Intel's Larrabee Architecture Disclosure: A Calculated First Moveby Anand Lal Shimpi & Derek Wilson on August 4, 2008 12:00 AM EST
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Putting it all Together - Return of the Ring Bus
Intel is keeping two important details of Larrabee very quiet: the details of the instruction set and the configuration of the finished product. Remember that Larrabee won't ship until sometime in 2009 or 2010, the first chips aren't even back from the fab yet, so not wanting to discuss how many cores Intel will be able to fit on a single Larrabee GPU makes sense.
The final product will be some assembly of a multiple of 8 Larrabee cores, we originally expected to see something in the 24-to-32 core range but that largely depends on targeted die size as we'll soon explain:
Intel's own block diagrams indicated two memory controller partitions, but it's unclear whether or not we should read into this. AMD and NVIDIA both use 64-bit memory controllers and simply group multiples of them on a single chip. Given that Intel's Larrabee will be more memory bandwidth efficient than what AMD and NVIDIA have put out, it's quite possible that Larrabee could have a 128-bit memory interface, although we do believe that'd be a very conservative move (we'd expect a 256-bit interface). Coupled with GDDR5 (which should be both cheaper and highy available by the Larrabee timeframe) however, anything is possible.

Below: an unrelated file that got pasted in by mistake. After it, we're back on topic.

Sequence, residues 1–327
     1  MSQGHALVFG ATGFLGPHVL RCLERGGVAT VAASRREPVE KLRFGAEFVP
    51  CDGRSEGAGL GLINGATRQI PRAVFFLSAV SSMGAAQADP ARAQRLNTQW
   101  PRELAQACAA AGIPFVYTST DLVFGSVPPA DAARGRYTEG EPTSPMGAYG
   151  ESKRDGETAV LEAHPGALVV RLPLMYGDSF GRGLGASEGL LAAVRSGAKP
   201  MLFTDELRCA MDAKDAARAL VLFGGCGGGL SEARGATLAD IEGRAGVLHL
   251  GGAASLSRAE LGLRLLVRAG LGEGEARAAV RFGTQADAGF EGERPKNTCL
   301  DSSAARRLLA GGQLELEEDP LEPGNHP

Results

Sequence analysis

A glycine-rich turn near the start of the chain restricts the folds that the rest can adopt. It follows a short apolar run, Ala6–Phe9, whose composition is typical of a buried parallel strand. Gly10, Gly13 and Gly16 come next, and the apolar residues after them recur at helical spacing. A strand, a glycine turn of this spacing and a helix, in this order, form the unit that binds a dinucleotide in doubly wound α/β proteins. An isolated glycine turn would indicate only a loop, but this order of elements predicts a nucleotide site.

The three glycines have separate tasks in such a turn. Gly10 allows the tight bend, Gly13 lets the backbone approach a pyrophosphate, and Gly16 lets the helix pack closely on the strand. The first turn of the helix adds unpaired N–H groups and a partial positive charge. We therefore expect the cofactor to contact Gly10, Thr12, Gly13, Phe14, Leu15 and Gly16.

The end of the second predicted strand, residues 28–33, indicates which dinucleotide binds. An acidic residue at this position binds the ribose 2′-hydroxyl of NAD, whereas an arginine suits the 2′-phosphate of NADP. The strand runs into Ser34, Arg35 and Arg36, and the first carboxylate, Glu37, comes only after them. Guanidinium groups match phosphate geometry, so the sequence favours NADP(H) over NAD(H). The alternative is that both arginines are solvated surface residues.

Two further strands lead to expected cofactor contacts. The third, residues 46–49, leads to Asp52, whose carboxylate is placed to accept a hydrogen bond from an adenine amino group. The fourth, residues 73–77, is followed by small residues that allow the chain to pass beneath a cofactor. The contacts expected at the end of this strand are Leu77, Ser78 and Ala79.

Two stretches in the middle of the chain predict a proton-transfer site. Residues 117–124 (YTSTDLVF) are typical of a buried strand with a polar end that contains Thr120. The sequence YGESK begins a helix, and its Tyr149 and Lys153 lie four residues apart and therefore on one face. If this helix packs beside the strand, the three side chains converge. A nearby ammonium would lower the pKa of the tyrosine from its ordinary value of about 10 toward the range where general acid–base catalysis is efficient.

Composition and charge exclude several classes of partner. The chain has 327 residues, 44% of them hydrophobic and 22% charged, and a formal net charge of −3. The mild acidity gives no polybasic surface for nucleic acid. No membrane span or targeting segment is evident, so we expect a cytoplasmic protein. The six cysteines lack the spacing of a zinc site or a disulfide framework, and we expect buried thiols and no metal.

All of the cores are connected via a bi-directional ring bus (512-bits in each direction), presumably running at core speed. Given that Larrabee is expected to run at 2GHz+, this is going to be one very high-bandwidth bus. This is half the bit-width of AMD's R600/RV670 ring bus, but the higher speed should more than make up the difference.
AMD recently abandoned their ring bus memory architecture citing a savings in die area and a lack of need for such a robust solution as the reason. A ring bus, as memory busses go, is fairly straight forward and less complex than other options. The disadvantage is that it is a lot of wires and it delivers high bandwidth to all the clients on the bus whether they need it or not. Of course, if all your memory clients need or can easily use high bandwidth then that's a win for the ring bus.
Intel may have a better use for going with the ring bus than AMD: cache coherency and inter-core communication. Partitioning the L2 and using the ring bus to maintain coherency and facilitate communication could make good use of this massive amount of data moving power. While Cell also allows for internal communication, Intel's solution of providing direct access to low latency, coherent L1 and L2 partitions while enabling massive bandwidth behind the L2 cache could result in a much faster and easier to program architecture when data sharing is required.